At the time of the Westminster harassment scandal we heard optimistic predictions of imminent culture change at the heart of UK politics. We were told that gentleman’s club days of the House of Commons were long gone: where groping and leering and men abusing their considerable power would no longer be tolerated.

That optimism was misplaced. It will take more than an independent grievance process to undo decades of toxicity and workplace structures weighted in favour of the powerful.

This week we heard claims from a former parliamentary aide who says she was threatened and sexually assaulted by a Conservative MP while working in the House of Commons last year. The woman, who is in her twenties, says that she approached the Conservative chief whip Mark Spencer to report the assault and he took no action.

"He didn’t seem interested in the details of the allegations but spent most of the time saying how I shouldn’t worry about the threats. His response was, ‘Well, don’t worry, because the MP won’t actually carry out those threats’.’’

This came in the same week that the Conservatives faced criticism for their handling of complaints against the MP for Delyn, Rob Roberts after it was found he had sent inappropriate messages to junior members of staff. The party have launched an investigation but thus far have not withdrawn the whip from Roberts, who – in one of the messages to his 21 year old intern – asked if she’d like to "fool around with no strings…you might come and visit me in London’’.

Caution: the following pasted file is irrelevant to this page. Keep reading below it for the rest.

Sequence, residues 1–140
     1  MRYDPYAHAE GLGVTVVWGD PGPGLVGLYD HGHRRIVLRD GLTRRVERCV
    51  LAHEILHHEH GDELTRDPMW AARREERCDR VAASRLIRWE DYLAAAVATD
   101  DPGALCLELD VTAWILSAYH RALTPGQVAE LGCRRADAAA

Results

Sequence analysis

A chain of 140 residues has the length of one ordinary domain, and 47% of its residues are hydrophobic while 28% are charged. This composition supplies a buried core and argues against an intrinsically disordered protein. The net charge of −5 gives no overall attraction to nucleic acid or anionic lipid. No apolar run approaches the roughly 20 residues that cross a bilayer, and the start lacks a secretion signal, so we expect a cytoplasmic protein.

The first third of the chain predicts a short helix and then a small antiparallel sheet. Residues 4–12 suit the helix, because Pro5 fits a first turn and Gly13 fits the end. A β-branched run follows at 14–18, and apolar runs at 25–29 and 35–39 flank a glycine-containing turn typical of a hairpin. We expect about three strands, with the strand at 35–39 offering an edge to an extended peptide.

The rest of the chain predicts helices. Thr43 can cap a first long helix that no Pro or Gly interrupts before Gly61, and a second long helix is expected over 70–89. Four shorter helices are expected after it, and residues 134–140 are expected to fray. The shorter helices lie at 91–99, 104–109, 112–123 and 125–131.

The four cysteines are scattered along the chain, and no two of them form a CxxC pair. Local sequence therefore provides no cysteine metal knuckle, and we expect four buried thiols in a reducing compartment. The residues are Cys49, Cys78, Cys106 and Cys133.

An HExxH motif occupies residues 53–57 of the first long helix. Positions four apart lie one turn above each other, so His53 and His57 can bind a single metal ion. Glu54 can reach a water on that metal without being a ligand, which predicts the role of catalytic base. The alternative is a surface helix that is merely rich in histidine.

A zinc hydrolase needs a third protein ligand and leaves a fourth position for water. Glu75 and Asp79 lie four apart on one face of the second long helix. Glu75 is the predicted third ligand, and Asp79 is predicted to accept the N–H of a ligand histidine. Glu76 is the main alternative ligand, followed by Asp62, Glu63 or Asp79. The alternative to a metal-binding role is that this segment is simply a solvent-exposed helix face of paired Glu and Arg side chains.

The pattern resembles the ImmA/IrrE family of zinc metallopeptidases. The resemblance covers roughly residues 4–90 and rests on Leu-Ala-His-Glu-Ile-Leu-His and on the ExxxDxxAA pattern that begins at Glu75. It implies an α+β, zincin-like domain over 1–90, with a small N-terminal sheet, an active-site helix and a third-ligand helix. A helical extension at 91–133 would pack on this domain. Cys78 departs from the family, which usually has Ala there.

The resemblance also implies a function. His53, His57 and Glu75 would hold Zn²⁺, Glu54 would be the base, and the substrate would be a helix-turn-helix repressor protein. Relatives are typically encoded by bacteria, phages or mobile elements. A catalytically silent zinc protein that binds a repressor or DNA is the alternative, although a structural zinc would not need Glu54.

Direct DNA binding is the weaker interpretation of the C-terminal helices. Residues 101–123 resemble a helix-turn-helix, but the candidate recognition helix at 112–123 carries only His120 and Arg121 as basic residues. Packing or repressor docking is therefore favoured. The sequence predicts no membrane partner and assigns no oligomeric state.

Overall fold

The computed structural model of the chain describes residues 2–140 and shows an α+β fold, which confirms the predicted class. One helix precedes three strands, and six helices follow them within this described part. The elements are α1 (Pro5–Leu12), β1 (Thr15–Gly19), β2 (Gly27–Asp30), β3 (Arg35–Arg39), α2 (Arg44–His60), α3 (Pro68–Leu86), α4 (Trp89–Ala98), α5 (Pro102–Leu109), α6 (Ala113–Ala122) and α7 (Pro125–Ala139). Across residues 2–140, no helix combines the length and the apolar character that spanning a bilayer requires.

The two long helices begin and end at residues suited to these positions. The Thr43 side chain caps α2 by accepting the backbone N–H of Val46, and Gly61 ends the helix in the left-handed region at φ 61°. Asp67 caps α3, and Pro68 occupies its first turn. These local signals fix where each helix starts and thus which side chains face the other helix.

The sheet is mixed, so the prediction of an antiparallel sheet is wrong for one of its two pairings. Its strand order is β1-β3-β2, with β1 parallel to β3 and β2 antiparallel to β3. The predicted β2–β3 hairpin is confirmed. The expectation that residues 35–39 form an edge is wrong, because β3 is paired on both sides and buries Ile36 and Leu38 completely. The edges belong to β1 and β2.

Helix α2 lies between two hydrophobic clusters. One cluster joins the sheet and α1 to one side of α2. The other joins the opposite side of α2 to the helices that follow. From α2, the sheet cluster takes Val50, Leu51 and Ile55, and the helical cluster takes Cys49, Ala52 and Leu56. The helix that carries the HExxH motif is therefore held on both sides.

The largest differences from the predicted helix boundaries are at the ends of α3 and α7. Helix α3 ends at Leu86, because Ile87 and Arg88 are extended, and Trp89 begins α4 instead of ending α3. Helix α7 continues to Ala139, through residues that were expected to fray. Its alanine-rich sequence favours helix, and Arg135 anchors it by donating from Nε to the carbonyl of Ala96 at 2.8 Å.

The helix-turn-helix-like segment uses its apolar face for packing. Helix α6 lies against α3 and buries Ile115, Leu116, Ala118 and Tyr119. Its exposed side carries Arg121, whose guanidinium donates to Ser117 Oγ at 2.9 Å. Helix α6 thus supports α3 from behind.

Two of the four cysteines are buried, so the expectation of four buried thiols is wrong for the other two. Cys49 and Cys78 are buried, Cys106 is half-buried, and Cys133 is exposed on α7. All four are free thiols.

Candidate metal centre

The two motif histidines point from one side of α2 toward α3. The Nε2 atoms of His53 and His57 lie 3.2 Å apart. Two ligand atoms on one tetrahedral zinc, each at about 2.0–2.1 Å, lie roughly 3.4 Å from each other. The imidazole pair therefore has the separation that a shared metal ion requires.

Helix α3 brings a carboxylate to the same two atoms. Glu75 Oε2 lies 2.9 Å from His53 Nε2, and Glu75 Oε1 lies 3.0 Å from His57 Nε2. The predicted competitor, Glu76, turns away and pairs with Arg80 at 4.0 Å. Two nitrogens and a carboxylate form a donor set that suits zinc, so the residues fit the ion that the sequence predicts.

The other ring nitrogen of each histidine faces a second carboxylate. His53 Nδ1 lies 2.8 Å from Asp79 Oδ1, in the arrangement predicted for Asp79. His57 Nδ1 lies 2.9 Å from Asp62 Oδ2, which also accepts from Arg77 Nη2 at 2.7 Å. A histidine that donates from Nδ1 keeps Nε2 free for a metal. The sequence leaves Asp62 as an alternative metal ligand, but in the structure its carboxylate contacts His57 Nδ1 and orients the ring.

And over in the House of Lords, Lord Stone of Blackheath – an ex-Labour peer – was warned that he faces a "severe sanction’’ if he does not stop harassing women.

Last year, four women had complaints against Lord Stone upheld and he was ordered to undertake "behaviour change coaching’’. Two more women came forward with complaints after a report about his conduct was published, which were also upheld.

Of course, misogyny is not unique to the corridors of power. But if our representatives can’t get their own house in order then the public won’t have confidence that they can be trusted to address the wider manifestations of inequality. It’s easy to get complacent when we look back to how women in politics were treated decades ago.

Sexism in politics has changed over the years but it hasn’t gone away. It has morphed into something that is far more pervasive than cringe-worthy interviews about the colour of a woman’s hair. Abuse and threats towards female politicians is a growing problem, particularly online. And when men in political parties are accused of wrongdoing, there is still a tendency for parties to close ranks and put protecting one of their own above the need to keep women safe.

There are more women in parliament but equal representation is still a long way off. Women can stand for election, but many are reluctant to pursue a career in public life when they see how badly women in politics are treated.

Women have a voice in politics now. But for as long as female politicians have to constantly use theirs to speak up about the misogyny they face, we shouldn’t pat ourselves on the back too much for all the apparent progress we’ve made.

Our columns are a platform for writers to express their opinions. They do not necessarily represent the views of The Herald.